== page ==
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Why This Expert Thinks PewDiePie Is Dodging Taxes

PewDiePie has recently made a financial move that has been seen as an attempt to dodge taxes. According to a report from Input Mag, the 31-year-old YouTube star appointed two new directors to his UK-based company, PewDiePie UK Ltd. The new directors, Andreas Menelaou and Kseniia Milevska, are actually based out of Nicosia, Cyprus — and they have listed a location in Cyprus as their address for all PewDiePie-related business correspondence, rather than a location in the UK.


Input Mag spoke with Nimesh Shah, CEO of London-based accounting firm Blick Rothenberg, about PewDiePie's latest move. According to Shah, it looks as though PewDiePie is attempting to move his accounting outside of the UK in order to minimize the amount of taxes that he has to pay overall.

"From a tax perspective, what I think they're trying to do is they're trying to migrate this UK company to Cyprus," Shah explained. "If the decisions, the overall management, and strategic decisions are conducted outside the UK, you can migrate that company outside the UK for tax purposes, and therefore the UK lets go of it and corporation tax."

It should be noted that this is purely conjecture on Shah's part. It could be that the tax cuts have nothing at all to do with the decision to move PewDiePie's taxes to an offshore account. However, as noted by Input Mag, moving PewDiePie's business dealings to an office outside of the UK could potentially save him a whopping 12.5% in corporation taxes. Considering PewDiePie's significant income flow, that's a good chunk of change. However, Shah mentioned that this plan is not foolproof. There's still a chance that PewDiePie would have to continue to pay UK taxes, if a portion of the company's control is still based in the UK.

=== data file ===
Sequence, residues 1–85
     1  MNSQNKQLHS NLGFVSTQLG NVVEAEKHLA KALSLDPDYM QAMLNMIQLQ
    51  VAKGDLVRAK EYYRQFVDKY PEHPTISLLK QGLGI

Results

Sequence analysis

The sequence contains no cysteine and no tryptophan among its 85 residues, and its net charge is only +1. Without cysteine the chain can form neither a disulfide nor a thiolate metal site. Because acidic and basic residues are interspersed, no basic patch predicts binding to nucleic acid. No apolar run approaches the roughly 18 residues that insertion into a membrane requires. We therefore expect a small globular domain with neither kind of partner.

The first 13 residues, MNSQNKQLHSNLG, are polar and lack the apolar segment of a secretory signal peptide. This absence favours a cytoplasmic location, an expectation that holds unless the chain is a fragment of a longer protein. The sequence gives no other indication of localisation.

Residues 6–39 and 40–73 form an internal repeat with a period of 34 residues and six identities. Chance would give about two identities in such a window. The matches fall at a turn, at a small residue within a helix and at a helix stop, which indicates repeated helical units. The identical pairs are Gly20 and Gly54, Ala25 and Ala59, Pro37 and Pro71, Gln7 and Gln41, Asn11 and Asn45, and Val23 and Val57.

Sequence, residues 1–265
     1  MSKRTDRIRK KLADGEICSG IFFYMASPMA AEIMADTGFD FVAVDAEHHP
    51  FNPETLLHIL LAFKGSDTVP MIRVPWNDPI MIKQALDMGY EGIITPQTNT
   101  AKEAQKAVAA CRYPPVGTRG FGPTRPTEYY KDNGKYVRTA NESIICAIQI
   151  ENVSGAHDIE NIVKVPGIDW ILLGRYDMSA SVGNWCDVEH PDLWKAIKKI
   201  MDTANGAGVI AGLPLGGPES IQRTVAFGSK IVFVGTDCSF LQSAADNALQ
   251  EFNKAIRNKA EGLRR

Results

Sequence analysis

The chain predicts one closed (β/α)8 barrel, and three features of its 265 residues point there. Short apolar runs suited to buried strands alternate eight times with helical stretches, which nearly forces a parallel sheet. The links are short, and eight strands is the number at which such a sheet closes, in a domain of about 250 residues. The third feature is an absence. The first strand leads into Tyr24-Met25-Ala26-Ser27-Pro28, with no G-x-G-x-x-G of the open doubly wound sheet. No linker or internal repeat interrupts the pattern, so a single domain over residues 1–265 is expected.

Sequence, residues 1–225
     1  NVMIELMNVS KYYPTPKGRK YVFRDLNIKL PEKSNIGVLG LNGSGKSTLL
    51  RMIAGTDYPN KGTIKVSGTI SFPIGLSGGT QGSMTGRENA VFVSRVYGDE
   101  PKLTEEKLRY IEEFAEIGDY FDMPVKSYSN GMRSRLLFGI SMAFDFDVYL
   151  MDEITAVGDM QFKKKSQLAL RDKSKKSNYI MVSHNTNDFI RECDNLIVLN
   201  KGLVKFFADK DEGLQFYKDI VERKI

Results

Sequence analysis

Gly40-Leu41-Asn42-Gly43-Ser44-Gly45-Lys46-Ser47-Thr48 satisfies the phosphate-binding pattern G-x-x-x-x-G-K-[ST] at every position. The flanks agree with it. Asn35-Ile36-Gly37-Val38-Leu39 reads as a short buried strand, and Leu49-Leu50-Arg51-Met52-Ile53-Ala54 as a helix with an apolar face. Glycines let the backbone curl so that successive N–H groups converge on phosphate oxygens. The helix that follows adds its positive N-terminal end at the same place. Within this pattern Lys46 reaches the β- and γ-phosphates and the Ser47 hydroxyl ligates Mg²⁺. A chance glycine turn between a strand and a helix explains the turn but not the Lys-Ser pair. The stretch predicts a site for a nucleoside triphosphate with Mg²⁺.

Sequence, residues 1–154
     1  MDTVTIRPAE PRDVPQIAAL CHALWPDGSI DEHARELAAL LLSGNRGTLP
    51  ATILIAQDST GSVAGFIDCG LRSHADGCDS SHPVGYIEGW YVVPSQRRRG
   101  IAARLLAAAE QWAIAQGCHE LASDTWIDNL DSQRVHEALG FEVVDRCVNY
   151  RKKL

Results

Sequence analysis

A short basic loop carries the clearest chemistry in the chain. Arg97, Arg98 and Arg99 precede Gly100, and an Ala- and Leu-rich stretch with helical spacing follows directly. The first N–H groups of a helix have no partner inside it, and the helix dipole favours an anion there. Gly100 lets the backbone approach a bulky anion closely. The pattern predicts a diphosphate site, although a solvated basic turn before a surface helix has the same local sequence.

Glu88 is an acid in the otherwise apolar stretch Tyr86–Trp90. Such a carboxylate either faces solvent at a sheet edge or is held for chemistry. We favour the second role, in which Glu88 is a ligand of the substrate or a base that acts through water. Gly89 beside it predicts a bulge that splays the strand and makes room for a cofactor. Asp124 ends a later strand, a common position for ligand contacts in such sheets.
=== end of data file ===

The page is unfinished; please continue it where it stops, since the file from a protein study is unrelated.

While this business strategy may sound sneaky, it is also not an illegal move on PewDiePie's part. In fact, the official website for Andreas Menelaou's firm touts the fact that the Republic of Cyprus has alluring tax incentives that have "transformed [it] into an international financial center." It makes sense that more businesses could be looking for loopholes like this, especially when they currently stand to pay a significant amount back in taxes.

YouTuber Kwebbelkop also spoke to Input Mag, attempting to lend some perspective. Though Kwebbelkop explained that he hasn't avoided taxes in any way, he said he can see why PewDiePie might make a move like this. "When you're talking about the top-of-the-line best YouTubers out there like PewDiePie, that's when most of them are going to start considering looking for ways to minimize the amount of money they have to pay. A lot of people try to keep it as secret as possible because it can be damaging for their reputation if it's twisted in a negative light."

Taxes have been a hot topic for discussion within the last year among content creators. A few months back, Ninja ranted about how frustrating it was that roughly half of his income was being paid in taxes every year. Ninja received a bit of negative backlash from that discussion, just as Kwebbelkop said that PewDiePie might. Meanwhile, it appears as though some people on Twitter are already expecting PewDiePie's business dealings to cause controversy.


As of this writing, there has been no response from PewDiePie or his representatives regarding the report from Input Mag.